A growing diversification of Chinese investment beyond the natural resources sector provides a counter balance to fears of contagion arising from reduced trading volumes in Africa.
As Africa’s single biggest trading partner – dwarfing the EU, the US and South Africa - China has been instrumental in driving up export prices and volumes. Much of this trade has historically been in hard commodities such as copper, iron ore, and crude oil.
However, the recent slowdown in Chinese growth; the excess production capacity at home, lower global commodity prices, and depreciation in the renminbi have all contributed to a policy recalibration.
Rather than relying on exports and outward investment to drive growth, the Chinese government is taking steps to ‘rebalance’ the drivers of Chinese growth to a more sustainable model based on services and domestic consumption.
Changes to China’s domestic investment policy will inevitably have a knock-on effect on its trading volumes with Africa.
From an African perspective, the impact is two-fold: less Chinese appetite for mining and natural resources investment in Africa, and a negative impact on African exports and export prices.
There is, however, some more positive news.
The first is that a more sustainable and resilient growth model in China should facilitate steady, rather than sensational, growth over the long term. China’s growth trajectory has and will continue to level off, but with growth rates projected to hover somewhere between 6.3% and 6.8%, China is unlikely to be the destabilising influence that some press reports would suggest.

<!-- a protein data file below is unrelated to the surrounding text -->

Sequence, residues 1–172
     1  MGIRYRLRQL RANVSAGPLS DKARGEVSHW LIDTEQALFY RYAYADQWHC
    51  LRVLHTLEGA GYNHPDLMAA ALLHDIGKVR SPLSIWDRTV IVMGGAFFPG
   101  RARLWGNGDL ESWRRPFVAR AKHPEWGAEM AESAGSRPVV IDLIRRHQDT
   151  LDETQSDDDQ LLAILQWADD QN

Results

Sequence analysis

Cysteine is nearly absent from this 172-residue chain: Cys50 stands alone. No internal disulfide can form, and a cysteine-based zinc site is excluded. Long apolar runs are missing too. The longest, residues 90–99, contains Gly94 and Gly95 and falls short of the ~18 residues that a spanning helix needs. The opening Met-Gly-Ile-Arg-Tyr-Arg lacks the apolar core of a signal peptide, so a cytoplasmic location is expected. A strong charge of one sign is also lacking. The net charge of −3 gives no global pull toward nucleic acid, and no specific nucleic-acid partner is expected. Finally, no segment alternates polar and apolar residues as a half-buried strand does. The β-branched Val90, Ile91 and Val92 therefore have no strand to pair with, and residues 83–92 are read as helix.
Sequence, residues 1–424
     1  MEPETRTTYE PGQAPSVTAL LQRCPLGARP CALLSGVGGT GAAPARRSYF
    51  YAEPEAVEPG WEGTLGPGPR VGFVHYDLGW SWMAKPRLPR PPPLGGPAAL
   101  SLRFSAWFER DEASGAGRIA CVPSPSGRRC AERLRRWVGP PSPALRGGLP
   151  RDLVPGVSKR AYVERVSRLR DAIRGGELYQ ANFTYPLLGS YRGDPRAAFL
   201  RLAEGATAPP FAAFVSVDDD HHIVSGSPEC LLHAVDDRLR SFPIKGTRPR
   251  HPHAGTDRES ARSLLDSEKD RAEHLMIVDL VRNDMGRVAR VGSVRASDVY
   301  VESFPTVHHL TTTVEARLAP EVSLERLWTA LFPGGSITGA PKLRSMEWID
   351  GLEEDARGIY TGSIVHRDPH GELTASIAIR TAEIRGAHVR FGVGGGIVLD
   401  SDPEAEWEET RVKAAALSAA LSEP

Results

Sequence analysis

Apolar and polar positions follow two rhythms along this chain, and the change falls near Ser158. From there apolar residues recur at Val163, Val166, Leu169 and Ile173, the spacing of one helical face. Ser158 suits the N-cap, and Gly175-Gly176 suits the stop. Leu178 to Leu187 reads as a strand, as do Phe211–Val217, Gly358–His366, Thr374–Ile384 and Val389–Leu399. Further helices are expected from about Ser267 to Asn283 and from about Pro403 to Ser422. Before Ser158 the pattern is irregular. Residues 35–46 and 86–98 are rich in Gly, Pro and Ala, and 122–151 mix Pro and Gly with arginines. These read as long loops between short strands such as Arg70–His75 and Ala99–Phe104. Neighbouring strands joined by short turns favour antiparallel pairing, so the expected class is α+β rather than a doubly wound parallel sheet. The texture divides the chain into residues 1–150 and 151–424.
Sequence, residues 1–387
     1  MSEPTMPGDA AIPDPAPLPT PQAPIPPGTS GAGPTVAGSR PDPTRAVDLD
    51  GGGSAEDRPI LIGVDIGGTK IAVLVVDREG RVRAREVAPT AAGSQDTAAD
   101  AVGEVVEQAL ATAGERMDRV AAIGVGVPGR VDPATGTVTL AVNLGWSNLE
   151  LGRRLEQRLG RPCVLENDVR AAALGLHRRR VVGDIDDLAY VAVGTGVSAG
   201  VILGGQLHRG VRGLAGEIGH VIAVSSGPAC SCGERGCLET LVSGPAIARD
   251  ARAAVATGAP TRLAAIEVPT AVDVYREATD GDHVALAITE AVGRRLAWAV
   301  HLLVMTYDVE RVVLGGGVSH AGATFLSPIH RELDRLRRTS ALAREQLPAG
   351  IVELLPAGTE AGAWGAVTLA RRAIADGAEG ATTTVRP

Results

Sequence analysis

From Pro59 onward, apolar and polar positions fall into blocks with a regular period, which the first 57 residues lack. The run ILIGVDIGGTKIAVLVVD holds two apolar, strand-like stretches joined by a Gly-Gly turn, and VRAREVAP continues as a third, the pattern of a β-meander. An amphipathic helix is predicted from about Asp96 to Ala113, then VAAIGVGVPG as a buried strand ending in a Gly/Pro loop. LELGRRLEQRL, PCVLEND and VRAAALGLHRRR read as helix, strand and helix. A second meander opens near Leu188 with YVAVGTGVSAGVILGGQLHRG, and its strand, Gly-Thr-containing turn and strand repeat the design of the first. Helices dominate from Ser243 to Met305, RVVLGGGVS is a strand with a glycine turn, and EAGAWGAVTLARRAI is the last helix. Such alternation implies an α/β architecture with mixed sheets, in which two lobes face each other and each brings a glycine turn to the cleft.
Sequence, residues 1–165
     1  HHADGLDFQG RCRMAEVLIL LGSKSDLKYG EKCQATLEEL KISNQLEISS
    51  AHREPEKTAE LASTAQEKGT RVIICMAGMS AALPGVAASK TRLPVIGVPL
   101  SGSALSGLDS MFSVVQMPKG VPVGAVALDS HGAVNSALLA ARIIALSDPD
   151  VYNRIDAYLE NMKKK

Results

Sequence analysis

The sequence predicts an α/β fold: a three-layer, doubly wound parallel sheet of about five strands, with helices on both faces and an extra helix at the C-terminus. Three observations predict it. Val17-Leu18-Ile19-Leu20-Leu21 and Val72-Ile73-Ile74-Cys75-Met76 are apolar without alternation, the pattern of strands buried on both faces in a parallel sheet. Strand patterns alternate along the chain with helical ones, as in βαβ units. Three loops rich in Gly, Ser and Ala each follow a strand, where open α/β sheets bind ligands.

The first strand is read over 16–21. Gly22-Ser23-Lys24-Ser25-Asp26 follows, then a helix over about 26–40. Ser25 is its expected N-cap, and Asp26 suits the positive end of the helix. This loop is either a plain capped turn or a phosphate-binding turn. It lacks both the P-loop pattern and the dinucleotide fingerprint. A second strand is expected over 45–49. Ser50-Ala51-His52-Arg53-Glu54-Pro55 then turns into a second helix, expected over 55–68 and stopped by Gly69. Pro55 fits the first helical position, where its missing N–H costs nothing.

The second is that, with reduced economic growth and excess production capacity, there is more capital available to be deployed overseas, for the time being at least. According to the IMF, Chinese investment into Sub Saharan Africa amounted to US$3.1bn in 2013, nearly 7% of global investment in the region.
Chinese investment in Africa spans most of the continent, although it has up to recently been concentrated in resource-rich South Africa, Zambia, Nigeria, Angola and Zimbabwe. While energy and resources projects have long attracted a high proportion of Chinese investment, there are now clear signs of a reduced appetite for resources megaprojects in high risk jurisdictions. This is in part due to the difficulties faced in executing high profile projects in high risk jurisdictions with poor levels of governance, and in part due to the moderation in China’s appetite for resources.
As Chinese appetite for natural resources megaprojects in Africa wanes, Chinese investment in the finance, construction and manufacturing sectors continues to increase. There is a growing prevalence of smaller Chinese investments in a wider range of sectors, from transportation infrastructure to manufacturing, wholesale trading, retail, catering and textiles. And while the Chinese show less interest in mining, others do not: a series of new mining projects in Africa reflect a renewed optimism in the mining industry, as we highlighted in our November blog.